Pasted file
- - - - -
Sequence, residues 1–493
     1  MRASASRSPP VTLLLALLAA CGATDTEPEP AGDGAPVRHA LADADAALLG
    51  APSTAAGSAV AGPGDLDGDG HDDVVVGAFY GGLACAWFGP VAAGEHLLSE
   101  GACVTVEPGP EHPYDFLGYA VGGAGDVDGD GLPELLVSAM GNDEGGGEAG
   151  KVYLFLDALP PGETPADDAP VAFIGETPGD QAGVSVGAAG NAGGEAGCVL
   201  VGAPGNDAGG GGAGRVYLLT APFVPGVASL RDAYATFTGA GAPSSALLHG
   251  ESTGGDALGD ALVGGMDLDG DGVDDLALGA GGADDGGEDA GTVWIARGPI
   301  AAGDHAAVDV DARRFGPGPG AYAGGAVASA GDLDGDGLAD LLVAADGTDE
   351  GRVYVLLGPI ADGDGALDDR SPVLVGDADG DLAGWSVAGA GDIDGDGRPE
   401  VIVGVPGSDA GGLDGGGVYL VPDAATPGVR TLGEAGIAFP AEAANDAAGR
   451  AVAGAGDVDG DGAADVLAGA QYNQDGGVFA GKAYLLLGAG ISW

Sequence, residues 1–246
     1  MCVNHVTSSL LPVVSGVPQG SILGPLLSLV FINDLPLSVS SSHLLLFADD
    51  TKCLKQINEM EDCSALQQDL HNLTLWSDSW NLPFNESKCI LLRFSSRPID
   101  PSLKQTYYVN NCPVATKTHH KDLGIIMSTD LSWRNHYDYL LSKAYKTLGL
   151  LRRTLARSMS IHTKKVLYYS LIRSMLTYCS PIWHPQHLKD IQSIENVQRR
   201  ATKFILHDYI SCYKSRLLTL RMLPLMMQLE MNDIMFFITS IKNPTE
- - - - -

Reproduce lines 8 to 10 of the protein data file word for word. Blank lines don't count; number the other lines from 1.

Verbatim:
   301  AAGDHAAVDV DARRFGPGPG AYAGGAVASA GDLDGDGLAD LLVAADGTDE
   351  GRVYVLLGPI ADGDGALDDR SPVLVGDADG DLAGWSVAGA GDIDGDGRPE
   401  VIVGVPGSDA GGLDGGGVYL VPDAATPGVR TLGEAGIAFP AEAANDAAGR